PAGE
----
Coastguard appeals against new trend

The UK Coastguard has warned of the dangers of tombstoning – jumping into the sea from cliffs – after a man died and another was rushed to hospital in two incidents just hours apart.

The first took place in the early hours of Sunday morning, when Berry Head Coastguard Rescue Team and Torbay RNLI Inshore Lifeboat were requested to attend Berry Head.

Brixham Coastguard had received a report regarding a man who had been injured after jumping between 30ft and 40ft into the sea.

The 45-year-old was recovered from the water by anglers on scene and CPR was administered. The man was pronounced dead on scene by paramedics.

Dave Scullion, Brixham Coastguard says: “We cannot over-emphasise the dangers of jumping into the water at height. This is particularly exacerbated when it is dark and you cannot see where you are jumping. This is a tragic accident which could have been avoided. Those who seek thrills by leaping into the sea from cliffs or other structures should bear in mind that there are often rocks under the surface of the water which can cause severe and at times fatal injuries. In addition tidal conditions can mean that what was a deep pool one day can be a shallow puddle the next.”

The second incident saw a 29-year-old recovered from the base of cliffs by a lifeboat after he leapt into the sea. The man had reportedly been out all night with friends when he decided to make the leap.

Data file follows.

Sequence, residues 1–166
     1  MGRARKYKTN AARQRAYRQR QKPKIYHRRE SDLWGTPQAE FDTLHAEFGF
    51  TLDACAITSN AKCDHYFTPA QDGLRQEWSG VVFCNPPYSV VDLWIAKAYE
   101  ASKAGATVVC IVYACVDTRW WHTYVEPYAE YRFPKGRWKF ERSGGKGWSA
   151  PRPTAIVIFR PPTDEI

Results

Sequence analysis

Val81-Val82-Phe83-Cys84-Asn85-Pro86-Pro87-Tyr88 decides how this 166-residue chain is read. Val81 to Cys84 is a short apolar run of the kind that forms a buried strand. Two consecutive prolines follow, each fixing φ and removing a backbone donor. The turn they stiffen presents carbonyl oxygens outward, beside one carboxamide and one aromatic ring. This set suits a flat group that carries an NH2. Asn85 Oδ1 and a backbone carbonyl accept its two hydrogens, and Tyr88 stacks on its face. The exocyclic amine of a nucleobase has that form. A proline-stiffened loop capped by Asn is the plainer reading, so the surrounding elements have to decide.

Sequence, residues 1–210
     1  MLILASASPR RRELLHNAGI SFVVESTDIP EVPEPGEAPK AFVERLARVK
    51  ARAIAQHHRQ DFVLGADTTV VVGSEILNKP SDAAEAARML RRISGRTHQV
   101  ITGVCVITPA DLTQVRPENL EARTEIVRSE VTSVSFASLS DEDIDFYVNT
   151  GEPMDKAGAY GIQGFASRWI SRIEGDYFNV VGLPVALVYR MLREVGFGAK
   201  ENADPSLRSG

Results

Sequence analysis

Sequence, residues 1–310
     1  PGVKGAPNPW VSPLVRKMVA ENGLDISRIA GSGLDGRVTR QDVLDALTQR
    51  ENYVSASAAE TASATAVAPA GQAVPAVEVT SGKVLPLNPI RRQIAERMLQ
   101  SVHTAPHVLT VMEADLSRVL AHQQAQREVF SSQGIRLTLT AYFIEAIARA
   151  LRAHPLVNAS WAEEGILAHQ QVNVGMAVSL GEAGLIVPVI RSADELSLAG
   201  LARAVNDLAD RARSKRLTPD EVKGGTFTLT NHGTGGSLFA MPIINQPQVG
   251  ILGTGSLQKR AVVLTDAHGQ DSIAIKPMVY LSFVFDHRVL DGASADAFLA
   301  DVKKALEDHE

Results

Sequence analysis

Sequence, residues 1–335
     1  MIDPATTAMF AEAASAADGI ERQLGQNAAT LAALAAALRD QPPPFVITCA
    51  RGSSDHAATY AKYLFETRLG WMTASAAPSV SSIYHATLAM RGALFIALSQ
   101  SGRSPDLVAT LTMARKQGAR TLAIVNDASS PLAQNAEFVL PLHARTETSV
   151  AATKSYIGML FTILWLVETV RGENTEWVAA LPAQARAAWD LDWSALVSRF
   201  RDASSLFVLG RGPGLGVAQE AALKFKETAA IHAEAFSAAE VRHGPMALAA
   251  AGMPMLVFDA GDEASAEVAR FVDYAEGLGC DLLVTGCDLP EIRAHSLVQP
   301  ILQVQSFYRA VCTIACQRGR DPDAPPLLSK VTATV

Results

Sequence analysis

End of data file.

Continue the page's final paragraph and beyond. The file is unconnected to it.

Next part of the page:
The coastguard said as he hit the water, he became unconscious and one of his friends entered the sea to attempt to save him.

Falmouth Coastguard received a 999 call from the group of friends at 6.45am and St Agnes Coastguard Rescue Team was requested to attend the scene.
When St Agnes lifeboat arrived on scene it picked up the man from the water and took him to shore. He was then transferred to an awaiting ambulance and then on to hospital.

James Instance, Falmouth Coastguard Watch Manager says: “This is the second instance of people jumping off cliffs into water (sometimes known as tombstoning) which Coastguards in the south west have dealt with overnight.

“In the first incident a man lost his life. This incident could just as easily have resulted in a fatality. This man lost consciousness as he hit the water and became severely hypothermic.”